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Following its first-place victory at the Ivy League Championships, the Harvard women’s golf team faced the toughest set of competitors that it has seen this season at the NCAA Central Regional. Posting a final team score of 943 (+ 79), the Crimson placed 18th out of 24 teams at the Scarlet Course at The Ohio State University.
Harvard was ranked 22nd out of the 24 teams. Even though the team exceeded expectations, only the top eight teams can advance to the NCAA Finals, and the Crimson’s season came to a close this past weekend.
“I feel like everyone thought that they left a couple shots out there today,” coach Kevin Rhoads said. “We let two teams pass us from where we stood, but we still exceeded our rankings by four positions.”
Southern California won the tournament with a score of 874 (+10).
“We were really excited to play at Regionals because it’s such a big tournament with a strong field of competitors,” freshman Tiffany Lim said. “We’ve never really been in a position like that before, so we were just going into the tournament hoping to play our best.”
It had been four years since Harvard had played on this same course. The Crimson had finished in 19th place in 2008.
“It’s a championship course because of its nature, which means all stages of the game are tested on a course like this.” Rhoads said.
Windy conditions and fast greens made the first two days of the tournament tough. Harvard found its problems to be in its putting and short game. The Crimson notched a Thursday score of 315 and Friday score of 317.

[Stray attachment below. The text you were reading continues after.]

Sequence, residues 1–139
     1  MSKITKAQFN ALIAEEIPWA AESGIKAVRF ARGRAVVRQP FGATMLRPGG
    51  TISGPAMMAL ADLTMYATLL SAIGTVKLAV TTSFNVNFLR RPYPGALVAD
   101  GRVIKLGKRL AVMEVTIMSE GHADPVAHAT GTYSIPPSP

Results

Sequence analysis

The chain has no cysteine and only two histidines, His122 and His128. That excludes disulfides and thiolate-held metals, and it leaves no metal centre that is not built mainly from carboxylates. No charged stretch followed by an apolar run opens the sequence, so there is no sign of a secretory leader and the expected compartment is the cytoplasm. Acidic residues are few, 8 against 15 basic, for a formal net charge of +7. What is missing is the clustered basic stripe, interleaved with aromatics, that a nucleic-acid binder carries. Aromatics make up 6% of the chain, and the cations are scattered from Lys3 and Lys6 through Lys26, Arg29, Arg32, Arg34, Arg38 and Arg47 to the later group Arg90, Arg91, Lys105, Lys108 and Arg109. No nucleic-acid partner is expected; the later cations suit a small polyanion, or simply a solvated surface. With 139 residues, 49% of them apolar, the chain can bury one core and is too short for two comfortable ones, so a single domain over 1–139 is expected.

But Harvard was able to capitalize on the weather change and a new familiarity with the course on the last day. The Crimson shot Saturday score of 311, which was its best of the weekend.
“We were able to get used to the course more after playing it a couple times,” captain Christine Cho said. “Even though Ivies wasn’t a long time ago, I think in between that tournament and this tournament, some of us weren’t able to practice as much as we wanted to.”
Coming off her ninth place finish at the Ivy League Championships, Lim tied for 23rd place this weekend, notching Harvard’s lowest individual score of 227. Lim who had been named Ivy League Rookie of the Year this season, had her best day of the tournament on Thursday with a score of 73 (+1). Lim came back from a 79 (+7) on Friday to shoot a 75 (+3) in the third round. Lim was only five shots shy of individually qualifying for NCAA Finals.
“As a freshman to play the way that she did is fantastic,” Rhoads said. “She was seventh out of the individuals that weren’t on the top eight teams. She had an outstanding year, and she’s an outstanding player.”
Sophomore Bonnie Hu came in next individually for the Crimson, tying for 75th. With an overall score of 238, Hu, who is also a Crimson business editor, shot three birdies on the weekend. Hu had her best day on Saturday, shooting a 76.
Freshman Brenna Nelsen notched a score of 240, giving her the tie for 88th place. Coming in third for Harvard, Nelsen shot an 81 in the third round.
Senior Jane Lee tied for 96th place, tallying an overall score of 242. Helped out by two birdies in the third round, Lee pulled a score of 79, her lowest of the tournament.
Captain Christine Cho was ten places behind Lee with a score of 248. Cho mirrored her teammates with a low score of 79 (+7) in the second round of play.
“The people that set up the pins put them in really tricky places, so if you [shot] for the pin it could end up either really good or really bad,” Lim said. “As we played the course more and more, we realized that if we played it smart we get better scores.”
Crimson players said they found its lack of practice time to have been a problem leading up to Regionals. With the tournament falling during finals period, the team struggled to prepare as much as it could.
“They earned their way here, which is representative of their really good season overall,” Rhoads said. “It takes a lot of preparation, but we did not have as much as we needed to advance.”
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